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An excerpt from www.HouseOfNames.com archives copyright 2000 - 2016


Cheeseright is an old Anglo-Saxon name that was given to a person who was a maker of the village cheese. The surname Cheeseright can be traced to the Old English cesewyrhta which means "a cheese-maker." This profession was very important in the medieval period; in the days before refrigeration, milk could be kept for a day or two at most, and the only way to ensure a long term supply of dairy products was to make it into cheese. The suffix -wright was usually adopted by a someone who provided a service with either wood or machinery.

Cheeseright Early Origins



The surname Cheeseright was first found in Lincolnshire, where they held a family seat from early times.

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Cheeseright Spelling Variations


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Cheeseright Spelling Variations



The English language only became standardized in the last few centuries; therefore, spelling variations are common among early Anglo-Saxon names. As the form of the English language changed, even the spelling of literate people's names evolved. Cheeseright has been recorded under many different variations, including Cheesewright, Cheeswright, Cheeseright, Chesewright, Cheswright, Chiswright, Chesewricte, Cheeseman, Cheesman and many more.

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Cheeseright Early History


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Cheeseright Early History



This web page shows only a small excerpt of our Cheeseright research. Another 287 words (20 lines of text) covering the years 1228, 1293, 1478, 1500 and 1609 are included under the topic Early Cheeseright History in all our PDF Extended History products and printed products wherever possible.

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Cheeseright Early Notables (pre 1700)


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Cheeseright Early Notables (pre 1700)



More information is included under the topic Early Cheeseright Notables in all our PDF Extended History products and printed products wherever possible.

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The Great Migration


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The Great Migration



For many English families, the political and religious disarray that shrouded England made the far away New World an attractive prospect. On cramped disease-ridden ships, thousands migrated to those British colonies that would eventually become Canada and the United States. Those hardy settlers that survived the journey often went on to make important contributions to the emerging nations in which they landed. Analysis of immigration records indicates that some of the first North American immigrants bore the name Cheeseright or a variant listed above: Paul Cheeswright who sailed to Georgia in 1732.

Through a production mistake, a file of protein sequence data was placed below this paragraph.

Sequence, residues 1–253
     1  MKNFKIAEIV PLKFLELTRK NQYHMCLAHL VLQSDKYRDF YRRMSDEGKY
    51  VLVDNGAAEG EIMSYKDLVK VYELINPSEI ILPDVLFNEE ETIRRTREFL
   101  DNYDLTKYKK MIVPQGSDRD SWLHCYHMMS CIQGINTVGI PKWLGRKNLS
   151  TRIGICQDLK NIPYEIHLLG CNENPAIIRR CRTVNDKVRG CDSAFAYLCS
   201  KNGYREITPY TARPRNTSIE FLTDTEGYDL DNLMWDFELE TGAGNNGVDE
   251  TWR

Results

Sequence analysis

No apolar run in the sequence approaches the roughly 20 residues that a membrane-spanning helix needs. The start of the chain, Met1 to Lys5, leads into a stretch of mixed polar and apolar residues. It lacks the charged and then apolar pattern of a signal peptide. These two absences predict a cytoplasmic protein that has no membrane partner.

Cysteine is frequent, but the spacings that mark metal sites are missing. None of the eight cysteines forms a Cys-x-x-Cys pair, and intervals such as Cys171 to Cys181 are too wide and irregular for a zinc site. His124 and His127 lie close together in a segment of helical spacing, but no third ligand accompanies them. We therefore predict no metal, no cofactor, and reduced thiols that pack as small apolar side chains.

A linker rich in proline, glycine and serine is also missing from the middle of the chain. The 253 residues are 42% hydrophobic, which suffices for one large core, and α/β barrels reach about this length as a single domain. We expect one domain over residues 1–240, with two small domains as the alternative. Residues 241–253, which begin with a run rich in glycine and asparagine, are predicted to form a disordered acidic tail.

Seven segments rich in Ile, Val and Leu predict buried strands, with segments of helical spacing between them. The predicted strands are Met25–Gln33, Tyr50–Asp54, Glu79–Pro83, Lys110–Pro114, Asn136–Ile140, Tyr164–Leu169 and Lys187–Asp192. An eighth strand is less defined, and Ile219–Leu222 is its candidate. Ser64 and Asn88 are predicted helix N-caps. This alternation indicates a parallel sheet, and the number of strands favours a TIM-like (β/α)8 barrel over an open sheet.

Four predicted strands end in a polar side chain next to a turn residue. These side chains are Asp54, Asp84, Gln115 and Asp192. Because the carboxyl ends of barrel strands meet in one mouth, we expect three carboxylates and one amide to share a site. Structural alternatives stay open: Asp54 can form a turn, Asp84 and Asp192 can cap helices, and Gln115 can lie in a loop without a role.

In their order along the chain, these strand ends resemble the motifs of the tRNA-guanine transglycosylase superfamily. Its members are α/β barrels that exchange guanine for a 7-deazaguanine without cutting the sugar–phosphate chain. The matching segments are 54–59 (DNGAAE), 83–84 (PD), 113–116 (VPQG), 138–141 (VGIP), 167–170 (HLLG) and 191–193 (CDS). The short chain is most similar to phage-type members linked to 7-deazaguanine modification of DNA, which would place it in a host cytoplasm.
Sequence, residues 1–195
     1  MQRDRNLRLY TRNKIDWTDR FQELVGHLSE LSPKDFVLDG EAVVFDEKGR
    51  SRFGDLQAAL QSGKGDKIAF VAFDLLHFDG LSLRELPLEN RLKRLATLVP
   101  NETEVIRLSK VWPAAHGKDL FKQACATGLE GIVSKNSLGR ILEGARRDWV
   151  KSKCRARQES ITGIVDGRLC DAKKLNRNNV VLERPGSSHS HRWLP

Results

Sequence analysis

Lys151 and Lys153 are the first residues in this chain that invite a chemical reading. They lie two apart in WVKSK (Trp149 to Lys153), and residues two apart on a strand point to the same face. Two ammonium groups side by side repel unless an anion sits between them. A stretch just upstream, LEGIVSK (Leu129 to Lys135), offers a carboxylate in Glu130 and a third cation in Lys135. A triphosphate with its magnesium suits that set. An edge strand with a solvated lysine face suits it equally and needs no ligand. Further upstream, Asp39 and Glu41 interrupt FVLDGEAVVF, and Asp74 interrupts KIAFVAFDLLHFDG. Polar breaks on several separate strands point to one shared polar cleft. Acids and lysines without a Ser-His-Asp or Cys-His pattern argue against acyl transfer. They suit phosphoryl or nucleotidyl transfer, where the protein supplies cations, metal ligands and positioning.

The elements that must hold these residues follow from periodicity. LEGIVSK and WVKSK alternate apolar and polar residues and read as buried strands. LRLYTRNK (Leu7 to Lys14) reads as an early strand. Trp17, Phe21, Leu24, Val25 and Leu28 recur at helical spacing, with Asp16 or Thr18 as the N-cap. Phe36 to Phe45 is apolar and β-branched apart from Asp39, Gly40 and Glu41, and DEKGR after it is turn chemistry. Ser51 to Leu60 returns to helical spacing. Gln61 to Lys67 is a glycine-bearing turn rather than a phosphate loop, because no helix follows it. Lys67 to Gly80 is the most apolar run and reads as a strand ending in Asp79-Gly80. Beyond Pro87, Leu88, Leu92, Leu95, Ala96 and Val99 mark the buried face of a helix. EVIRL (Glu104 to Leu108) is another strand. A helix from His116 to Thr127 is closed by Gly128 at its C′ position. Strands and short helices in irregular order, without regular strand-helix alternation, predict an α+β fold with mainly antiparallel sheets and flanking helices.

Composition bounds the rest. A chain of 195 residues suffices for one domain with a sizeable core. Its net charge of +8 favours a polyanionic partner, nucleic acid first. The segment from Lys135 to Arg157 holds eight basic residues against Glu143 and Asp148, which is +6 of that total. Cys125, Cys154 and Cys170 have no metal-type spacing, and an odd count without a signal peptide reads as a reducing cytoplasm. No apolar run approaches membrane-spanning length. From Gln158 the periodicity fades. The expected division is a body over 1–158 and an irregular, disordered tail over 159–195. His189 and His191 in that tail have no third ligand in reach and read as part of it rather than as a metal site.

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Cheeseright Family Crest Products


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Cheeseright Family Crest Products




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See Also


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See Also




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Citations


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Citations



    Other References

    1. Colletta, John P. They Came In Ships. Salt Lake City: Ancestry, 1993. Print.
    2. Hitching, F.K and S. Hitching. References to English Surnames in 1601-1602. Walton On Thames: 1910. Print. (ISBN 0-8063-0181-3).
    3. Weis, Frederick Lewis, Walter Lee Sheppard and David Faris. Ancestral Roots of Sixty Colonists Who Came to New England Between 1623 and 1650 7th Edition. Baltimore: Genealogical Publishing, 1992. Print. (ISBN 0806313676).
    4. Burke, Sir Bernard. General Armory Of England, Scotland, Ireland and Wales. Ramsbury: Heraldry Today. Print.
    5. Burke, John Bernard Ed. The Roll of Battle Abbey. Baltimore: Genealogical Publishing. Print.
    6. Passenger Lists of Vessels Arriving at Galveston Texas 1896-1951. National Archives Washington DC. Print.
    7. Mills, A.D. Dictionary of English Place-Names. Oxford: Oxford University Press, 1991. Print. (ISBN 0-19-869156-4).
    8. Elster, Robert J. International Who's Who. London: Europa/Routledge. Print.
    9. Crispin, M. Jackson and Leonce Mary. Falaise Roll Recording Prominent Companions of William Duke of Normandy at the Conquest of England. Baltimore: Genealogical Publishing. Print.
    10. Colletta, John P. They Came In Ships. Salt Lake City: Ancestry, 1993. Print.
    11. ...

    The Cheeseright Family Crest was acquired from the Houseofnames.com archives. The Cheeseright Family Crest was drawn according to heraldic standards based on published blazons. We generally include the oldest published family crest once associated with each surname.

    This page was last modified on 3 July 2014 at 13:39.

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